Monday, 1 October 2018

A decade of research on native forage shrubs by The University of Western Australia and collaborators has found a multitude of benefits, suggesting native shrubs could be the new superfeed for livestock.

A range of native shrubs planted on UWA Farm Ridgefield, UWA’s 1600 hectare farm near Pingelly, has been the basis of this ongoing research that continues to uncover the benefits of introducing native shrubs into a mixed pasture grazing system.

Professor Philip Vercoe from UWA’s Institute of Agriculture and School of Agriculture and Environment said multidisciplinary research projects based on the native shrubs have shown improvements to both productivity and natural resource management, and he believes there is much more to be discovered and measured.

These benefits include the availability of green nutritious plants in autumn, using areas not suitable for crops, drought-resistance and drought-responsive strategies, shade and shelter, biodiversity, and carbon storage.

One of the key results from the research is that sheep grazing on a mix of native shrubs in summer and autumn can achieve good weight gains and minimise the need for hand feeding.

“We have also found that grazing on these shrubs can reduce methane emissions intensity by about 25% during this autumn period,” Professor Vercoe said.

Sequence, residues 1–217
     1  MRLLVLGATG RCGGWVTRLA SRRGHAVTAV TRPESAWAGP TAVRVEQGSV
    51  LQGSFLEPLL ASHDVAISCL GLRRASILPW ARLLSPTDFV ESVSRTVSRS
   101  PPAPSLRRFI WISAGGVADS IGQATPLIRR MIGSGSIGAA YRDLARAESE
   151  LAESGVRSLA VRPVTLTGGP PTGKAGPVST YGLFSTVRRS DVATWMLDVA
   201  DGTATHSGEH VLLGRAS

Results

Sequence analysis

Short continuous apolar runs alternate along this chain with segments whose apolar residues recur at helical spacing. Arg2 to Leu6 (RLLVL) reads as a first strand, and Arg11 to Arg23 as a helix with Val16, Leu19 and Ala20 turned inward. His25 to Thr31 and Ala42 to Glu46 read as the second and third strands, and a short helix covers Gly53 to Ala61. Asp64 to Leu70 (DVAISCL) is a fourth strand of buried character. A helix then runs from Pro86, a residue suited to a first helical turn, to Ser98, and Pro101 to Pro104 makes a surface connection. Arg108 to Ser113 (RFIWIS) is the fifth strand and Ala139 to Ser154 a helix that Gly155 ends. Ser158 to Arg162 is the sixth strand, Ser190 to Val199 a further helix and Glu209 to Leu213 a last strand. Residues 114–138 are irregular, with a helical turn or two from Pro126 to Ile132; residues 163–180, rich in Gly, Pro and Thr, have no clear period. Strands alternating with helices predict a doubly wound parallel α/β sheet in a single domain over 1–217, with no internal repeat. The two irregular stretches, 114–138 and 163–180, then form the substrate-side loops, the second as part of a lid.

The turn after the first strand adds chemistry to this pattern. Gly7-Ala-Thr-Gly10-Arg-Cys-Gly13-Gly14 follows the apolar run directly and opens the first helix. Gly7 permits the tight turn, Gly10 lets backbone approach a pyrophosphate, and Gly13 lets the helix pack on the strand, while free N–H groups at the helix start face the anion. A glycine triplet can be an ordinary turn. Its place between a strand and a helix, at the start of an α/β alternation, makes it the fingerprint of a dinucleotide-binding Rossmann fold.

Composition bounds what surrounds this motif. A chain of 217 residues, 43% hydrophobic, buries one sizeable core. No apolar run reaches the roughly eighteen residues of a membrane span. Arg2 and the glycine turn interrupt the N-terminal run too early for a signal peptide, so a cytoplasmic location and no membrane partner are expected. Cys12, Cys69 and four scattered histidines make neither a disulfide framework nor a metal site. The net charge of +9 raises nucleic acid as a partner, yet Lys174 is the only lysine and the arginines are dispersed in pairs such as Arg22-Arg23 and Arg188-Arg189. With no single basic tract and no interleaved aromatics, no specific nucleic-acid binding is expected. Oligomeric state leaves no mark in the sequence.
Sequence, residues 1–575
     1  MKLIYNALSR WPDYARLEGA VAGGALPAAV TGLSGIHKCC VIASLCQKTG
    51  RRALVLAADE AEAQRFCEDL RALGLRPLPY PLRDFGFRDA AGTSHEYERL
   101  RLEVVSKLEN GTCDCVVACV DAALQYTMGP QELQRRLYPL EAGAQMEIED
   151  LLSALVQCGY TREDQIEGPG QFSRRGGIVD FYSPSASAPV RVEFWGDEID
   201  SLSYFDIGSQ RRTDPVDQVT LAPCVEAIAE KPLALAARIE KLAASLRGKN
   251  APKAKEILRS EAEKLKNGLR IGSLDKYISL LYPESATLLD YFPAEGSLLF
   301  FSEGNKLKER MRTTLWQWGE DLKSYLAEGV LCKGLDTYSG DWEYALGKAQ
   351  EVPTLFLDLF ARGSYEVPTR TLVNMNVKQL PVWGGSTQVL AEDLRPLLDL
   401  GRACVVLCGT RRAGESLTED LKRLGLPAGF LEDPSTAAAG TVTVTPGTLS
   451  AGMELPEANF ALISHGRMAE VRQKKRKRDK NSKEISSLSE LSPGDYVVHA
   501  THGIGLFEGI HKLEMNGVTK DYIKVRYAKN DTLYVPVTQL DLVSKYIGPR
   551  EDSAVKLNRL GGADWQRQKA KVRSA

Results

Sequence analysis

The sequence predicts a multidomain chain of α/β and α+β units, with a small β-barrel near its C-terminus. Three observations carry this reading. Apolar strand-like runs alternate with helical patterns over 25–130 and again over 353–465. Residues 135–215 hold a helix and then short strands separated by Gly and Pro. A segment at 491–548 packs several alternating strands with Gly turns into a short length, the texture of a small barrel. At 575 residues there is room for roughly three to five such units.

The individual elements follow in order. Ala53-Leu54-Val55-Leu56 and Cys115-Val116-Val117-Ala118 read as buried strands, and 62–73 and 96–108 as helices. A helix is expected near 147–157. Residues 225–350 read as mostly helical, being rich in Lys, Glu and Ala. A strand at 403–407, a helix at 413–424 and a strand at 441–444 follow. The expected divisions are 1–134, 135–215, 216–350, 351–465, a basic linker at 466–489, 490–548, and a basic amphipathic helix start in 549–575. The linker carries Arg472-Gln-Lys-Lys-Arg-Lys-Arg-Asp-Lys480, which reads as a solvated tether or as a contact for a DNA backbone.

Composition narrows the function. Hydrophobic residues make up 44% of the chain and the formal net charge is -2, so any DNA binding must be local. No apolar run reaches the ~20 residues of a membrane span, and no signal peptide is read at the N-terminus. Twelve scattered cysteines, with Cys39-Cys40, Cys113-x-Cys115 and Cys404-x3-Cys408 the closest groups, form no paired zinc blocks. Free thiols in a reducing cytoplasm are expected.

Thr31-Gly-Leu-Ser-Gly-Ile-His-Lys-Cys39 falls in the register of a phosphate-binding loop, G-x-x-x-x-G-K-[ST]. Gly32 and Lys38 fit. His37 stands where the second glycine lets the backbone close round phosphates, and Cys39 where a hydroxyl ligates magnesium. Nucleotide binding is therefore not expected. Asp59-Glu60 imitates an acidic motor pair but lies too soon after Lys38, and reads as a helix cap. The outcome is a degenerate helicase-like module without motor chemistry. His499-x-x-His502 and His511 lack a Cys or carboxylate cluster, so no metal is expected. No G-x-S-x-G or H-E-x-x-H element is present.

“This is exciting because it is evidence that shrubs can help achieve increases in weight gain and improve profitability as well as reduce the environmental impact of livestock industries – an important finding as we move towards making the red meat industry carbon neutral by 2030.”

Professor Vercoe said that there is evidence that lamb survival from twin bearing ewes is 15 to 20% higher when lambing occurs in the native shrub paddock, although no experimental data has been obtained on UWA Farm Ridgefield as yet.

“Shelter alone can improve lamb survival, but we think there are a number of other factors influencing what we have observed,” Professor Vercoe said.

“For example, the extra nutritional value of the shrubs, and impacts to the mother-young behaviour are likely to influence lamb survival, which we intend to explore in future research.

In addition, grazing shrubs has the potential to combat gastrointestinal worms, which we intend to measure in animals in the field.”

Research to look at how the shrub-based system is impacting water dynamics and important soil characteristics in the paddock is currently being investigated by postgraduate students in a collaboration bringing together agricultural and environmental scientists.

These research projects have been conducted in collaboration with the Commonwealth Scientific Industry Research Organisation, the South Australian Research and Development Institute, Meat and Livestock Australia, the Department of Primary Industries and Regional Development and UWA, with support from the Australian Department of Agriculture and Water Resources.

Media references

Professor Philip Vercoe (The UWA Institute of Agriculture and School of Agriculture and Environment) (+61 8) 6488 6758 / (+61 4) 37 019 836

Diana Boykett (Communications Officer, The UWA Institute of Agriculture) (+61 8) 6488 3756 / (+61 4) 04 152 262


Research — Science
UWA Institute of Agriculture